How important are college rankings when choosing a college


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 “How important are college rankings when choosing a college?” – Jamie R., Madison, WI

Experts Expert Answers
Ralph FigueroaTitle:Director of College GuidanceOrganization:Albuquerque Academy in New Mexico Use with caution! Rankings are a good source of information. I would never buy an appliance without checking consumer ratings. Appliances get put through rigorous testing before they are rated by consumer magazines, but that isn’t true of colleges. Most college rankings get information directly from the colleges. In US News and World Report the data is plugged into a formula that is completely made up. It has nothing to do with what YOU will find important in a college. So use the DATA that is published for your own comparison of things like graduation and retention rates. But IGNORE the numerical rankings.
Betsy MorganTitle: FounderOrganization: College Matters LLC Colleges don’t change much year to year.  Why do the rankings?After all, who would buy the magazines or guidebooks if there weren’t a new number one?  While some of the data used to derive the rankings are objective, subjective aspects such as perceived reputation are often used.  And statistics can be manipulated or misinterpreted.  Part of the problem is that the schools themselves provide much of the information going into the rankings. While many try to be absolutely accurate, some occasionally enhance their scores through creative data reporting.  Should you ignore the rankings altogether?  Not necessarily.  But take them for what they are: a very small piece of the puzzle.
Gael CasnerTitle: FounderOrganization: Look beyond college rankings to find a good matchEveryyear various companies post their annual college rankings.  Families clamor to these sources, imagining that the order of each college gives insight into its educational value.  The lower the number, the better the college, right?  What rankings do not address is this: what do you need to be happy and successful at college?  What environment will inspire you to take advantage of opportunities in and out of the classroom?  Smart students will consider factors like teacher/student engagement, active learning experiences, and student culture. It’s important to find an academic and social setting that fits your unique style.
Lynda McGeeTitle: College CounselorOrganization: Magnets High School College rankings are meant to be a guide, not a bible As more and more college put ads in magazines and on the internet, it can be confusing.  Their view books make them all sound so wonderful. Rankings can help you sort out which programs are considered the most selective and prestigious. However, are they always the right choice? And how do they choose who makes the top of the list?  Many factors go into college rankings, including alumni donations and how other institutions perceive them. Take that into account when you start to think that school #1 must be much better than school #20. What the rankings can do is introduce you to great schools you may be unfamiliar with. So check out those rankings, but remember that you will find an excellent education up and down the list.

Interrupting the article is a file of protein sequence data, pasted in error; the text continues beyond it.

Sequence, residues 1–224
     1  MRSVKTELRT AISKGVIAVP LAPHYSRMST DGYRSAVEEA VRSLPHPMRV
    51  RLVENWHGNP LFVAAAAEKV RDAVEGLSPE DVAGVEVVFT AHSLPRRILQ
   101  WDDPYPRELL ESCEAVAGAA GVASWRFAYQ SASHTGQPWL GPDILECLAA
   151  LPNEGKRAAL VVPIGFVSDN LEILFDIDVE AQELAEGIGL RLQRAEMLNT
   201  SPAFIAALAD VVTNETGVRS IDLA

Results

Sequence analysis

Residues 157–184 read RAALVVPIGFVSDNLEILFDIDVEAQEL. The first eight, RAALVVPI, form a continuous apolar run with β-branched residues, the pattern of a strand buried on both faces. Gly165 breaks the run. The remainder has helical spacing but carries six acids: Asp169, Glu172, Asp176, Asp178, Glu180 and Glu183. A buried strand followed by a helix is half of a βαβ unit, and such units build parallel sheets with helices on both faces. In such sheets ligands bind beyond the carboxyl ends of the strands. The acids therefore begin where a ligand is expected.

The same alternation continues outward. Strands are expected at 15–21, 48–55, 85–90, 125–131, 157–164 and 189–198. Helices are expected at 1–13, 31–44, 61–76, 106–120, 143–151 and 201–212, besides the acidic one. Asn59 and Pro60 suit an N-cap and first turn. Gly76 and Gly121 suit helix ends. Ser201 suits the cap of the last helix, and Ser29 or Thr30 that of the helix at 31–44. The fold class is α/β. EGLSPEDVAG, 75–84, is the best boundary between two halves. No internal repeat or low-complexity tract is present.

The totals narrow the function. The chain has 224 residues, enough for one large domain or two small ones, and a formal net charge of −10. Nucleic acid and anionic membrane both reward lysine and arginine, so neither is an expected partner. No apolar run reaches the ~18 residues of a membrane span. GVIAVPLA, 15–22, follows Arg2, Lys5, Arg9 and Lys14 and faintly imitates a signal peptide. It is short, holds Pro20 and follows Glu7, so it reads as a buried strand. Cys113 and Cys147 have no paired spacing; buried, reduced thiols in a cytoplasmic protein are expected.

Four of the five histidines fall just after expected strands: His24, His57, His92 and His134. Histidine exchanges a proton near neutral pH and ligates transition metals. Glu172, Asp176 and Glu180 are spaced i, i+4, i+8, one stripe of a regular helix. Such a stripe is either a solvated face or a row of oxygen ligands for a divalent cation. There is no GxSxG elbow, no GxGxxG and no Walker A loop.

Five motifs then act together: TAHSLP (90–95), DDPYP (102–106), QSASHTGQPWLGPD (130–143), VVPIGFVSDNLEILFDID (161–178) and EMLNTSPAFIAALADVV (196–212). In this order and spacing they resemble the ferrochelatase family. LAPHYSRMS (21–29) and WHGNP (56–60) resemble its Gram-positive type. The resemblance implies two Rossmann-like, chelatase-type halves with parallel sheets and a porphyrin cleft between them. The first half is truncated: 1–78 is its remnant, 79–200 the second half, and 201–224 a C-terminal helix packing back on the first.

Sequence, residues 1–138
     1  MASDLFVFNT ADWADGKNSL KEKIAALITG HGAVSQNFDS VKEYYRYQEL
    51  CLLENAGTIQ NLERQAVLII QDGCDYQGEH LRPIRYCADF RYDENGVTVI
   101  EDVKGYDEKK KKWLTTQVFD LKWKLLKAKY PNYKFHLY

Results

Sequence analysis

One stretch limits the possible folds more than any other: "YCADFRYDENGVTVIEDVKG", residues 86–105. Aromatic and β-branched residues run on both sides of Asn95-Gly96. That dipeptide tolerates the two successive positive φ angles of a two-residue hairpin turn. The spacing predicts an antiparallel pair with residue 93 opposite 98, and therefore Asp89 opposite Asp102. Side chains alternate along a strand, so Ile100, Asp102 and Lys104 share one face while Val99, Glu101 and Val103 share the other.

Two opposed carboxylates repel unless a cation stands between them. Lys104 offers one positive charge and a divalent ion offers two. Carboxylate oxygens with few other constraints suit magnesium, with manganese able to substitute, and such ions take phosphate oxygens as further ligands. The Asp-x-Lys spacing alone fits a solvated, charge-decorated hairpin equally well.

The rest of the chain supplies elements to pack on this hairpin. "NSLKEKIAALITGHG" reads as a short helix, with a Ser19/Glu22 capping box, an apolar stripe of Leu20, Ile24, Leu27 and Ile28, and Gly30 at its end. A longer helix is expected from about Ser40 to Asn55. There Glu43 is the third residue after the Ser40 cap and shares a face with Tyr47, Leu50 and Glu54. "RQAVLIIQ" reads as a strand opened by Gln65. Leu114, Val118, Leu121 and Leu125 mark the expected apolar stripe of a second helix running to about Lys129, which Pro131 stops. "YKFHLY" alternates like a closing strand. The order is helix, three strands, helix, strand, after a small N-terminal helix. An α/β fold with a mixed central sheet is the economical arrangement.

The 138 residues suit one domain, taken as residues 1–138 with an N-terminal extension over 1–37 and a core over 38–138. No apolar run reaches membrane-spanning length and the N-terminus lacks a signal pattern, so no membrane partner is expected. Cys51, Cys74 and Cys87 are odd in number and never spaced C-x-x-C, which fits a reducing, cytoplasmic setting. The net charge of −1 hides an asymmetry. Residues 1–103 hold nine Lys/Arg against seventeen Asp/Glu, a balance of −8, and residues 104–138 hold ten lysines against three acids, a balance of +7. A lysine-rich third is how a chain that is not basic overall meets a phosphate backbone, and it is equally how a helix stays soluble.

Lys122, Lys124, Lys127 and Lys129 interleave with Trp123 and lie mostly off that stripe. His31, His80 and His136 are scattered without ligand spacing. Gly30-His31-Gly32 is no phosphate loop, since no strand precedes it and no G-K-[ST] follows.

Bob Tillman Title: Director of College PlacementOrganization: Creighton Preparatory School College Rankings offer limited information If someeone is consulting college rankings, it is important to know what the rankings are based on. For instance, US News and World Report rankings provide a person with a list of schools that have a strong academic reputation, have good graduation and retention rates, are selective in admission of students, and have good salaries for their faculty and smaller classes. Those rankings do not tell you about student satisfaction with teaching, the campus living environment, percentage of students admitted to graduate school, or friendliness of students. Some important factors to consider that often are overlooked by students and might not be included in the rankings are the core course requirements at different schools, quality of the teachers encountered in the first two years of college, ability in enroll as a freshman in my desired major, guarantee of on-campus housing beyond freshman or sophomore year, the presence of an Honor Code on the campus, and the extent of study-abroad options. The rankings can provide a prospective student with some limited information, but there is so much other information a student needs to learn to determine if a school is a good fit for them.

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